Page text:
(For radio stations: Bill's public radio work can be licensed via PRX).
This past Sunday we performed the ritual of setting our clocks back for daylight savings time. In doing so we paid homage to the most world-changing invention of the western world: A small device called an escapement - the device that gave the clock its tick-tock sound.
You see, all mechanical clocks are driven by a weight, like a pendulum, or a tightly wound spring. The escapement restrains the motion of that weight or the unraveling of the spring, making them move precisely and evenly. The escapement made time portable, divorcing it from the natural cycles of the Earth. In fact, the first clock makers found that moving away from telling time using nature was the key to inventing the escapement.
They modeled their first clocks on nature. The sun marked the time by moving slowly through the sky. So, early time keepers built sundials to chart the sun's progress minute-by-minute. Sundials, though, didn't work at night, and couldn't be easily moved.
The next model for time measurement was the flow of a river. The Chinese built elaborate clocks where water flowed from one vessel to another. By watching the level rise the Chinese measured the passage of time. Although an elegant way to measure time, the water limited the clock to warm climates - and still it wasn't portable.
Although ingenious, these solutions to measure time erred in emphasizing a continuous movement or flow to mark the time. The essential insight that allowed time to go portable, to be completely independent of nature and its elements, was not a smooth continuous motion, but regular, precise pulses.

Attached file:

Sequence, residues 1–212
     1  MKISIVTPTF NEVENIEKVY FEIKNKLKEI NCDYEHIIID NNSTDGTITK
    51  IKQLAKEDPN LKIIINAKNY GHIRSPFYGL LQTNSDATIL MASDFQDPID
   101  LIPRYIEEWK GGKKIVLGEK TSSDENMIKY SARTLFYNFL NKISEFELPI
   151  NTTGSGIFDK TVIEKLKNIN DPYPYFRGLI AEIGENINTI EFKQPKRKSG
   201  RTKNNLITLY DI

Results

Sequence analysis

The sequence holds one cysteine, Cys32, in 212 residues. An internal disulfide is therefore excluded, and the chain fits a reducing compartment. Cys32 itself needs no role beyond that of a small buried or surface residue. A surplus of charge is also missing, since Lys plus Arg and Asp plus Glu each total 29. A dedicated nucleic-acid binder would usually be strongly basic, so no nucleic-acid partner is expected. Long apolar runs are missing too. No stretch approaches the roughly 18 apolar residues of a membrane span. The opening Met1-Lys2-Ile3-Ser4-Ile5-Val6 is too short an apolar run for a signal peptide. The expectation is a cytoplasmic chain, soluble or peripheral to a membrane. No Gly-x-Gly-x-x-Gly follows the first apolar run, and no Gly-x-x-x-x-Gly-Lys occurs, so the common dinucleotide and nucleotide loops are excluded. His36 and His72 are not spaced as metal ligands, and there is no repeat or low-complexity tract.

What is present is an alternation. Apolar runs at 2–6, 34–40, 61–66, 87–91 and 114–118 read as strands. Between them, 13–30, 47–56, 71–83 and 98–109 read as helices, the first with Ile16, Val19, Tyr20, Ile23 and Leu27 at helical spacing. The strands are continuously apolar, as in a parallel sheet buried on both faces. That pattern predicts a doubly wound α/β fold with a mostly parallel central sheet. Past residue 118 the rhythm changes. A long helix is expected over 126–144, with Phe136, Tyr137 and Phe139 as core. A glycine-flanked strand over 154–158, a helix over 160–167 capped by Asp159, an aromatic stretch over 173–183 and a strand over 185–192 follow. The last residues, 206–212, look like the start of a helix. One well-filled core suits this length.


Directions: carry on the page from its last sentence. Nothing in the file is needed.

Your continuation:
In the 13th century some anonymous genius figured out how to turn the continuous unwinding of a spring into regulated bursts that moved the hands of a clock. The heart of a clock is a toothed gear, which is spun by a spring. Unimpeded, the spring would naturally turn the wheel faster and faster until the spring completely unwound. To prevent this, a small lever called the escapement, rests on the notched gear, alternately letting the gear move, then restraining it. Think of it as a seesaw sitting on the gear: It rocks one way letting the wheel move forward, but then totters down on the other side stopping the movement, repeating this until the clock winds down. This, of course, makes the clock go tick-tock.
The endless series of uniform motions from that escapement let us capture time, causing an explosion in time keeping and a revolution in our way of life: By the 18th century the Western world was producing 400,000 mechanical clocks a year. These clocks allowed our lives to have shape and form independent of the sun and the moon and the movement of the planets, thus revolutionizing our lives. As one historian has said, "The clock, not the steam engine, is the key machine of the modern industrial age."
Copyright 2004 William S. Hammack Enterprises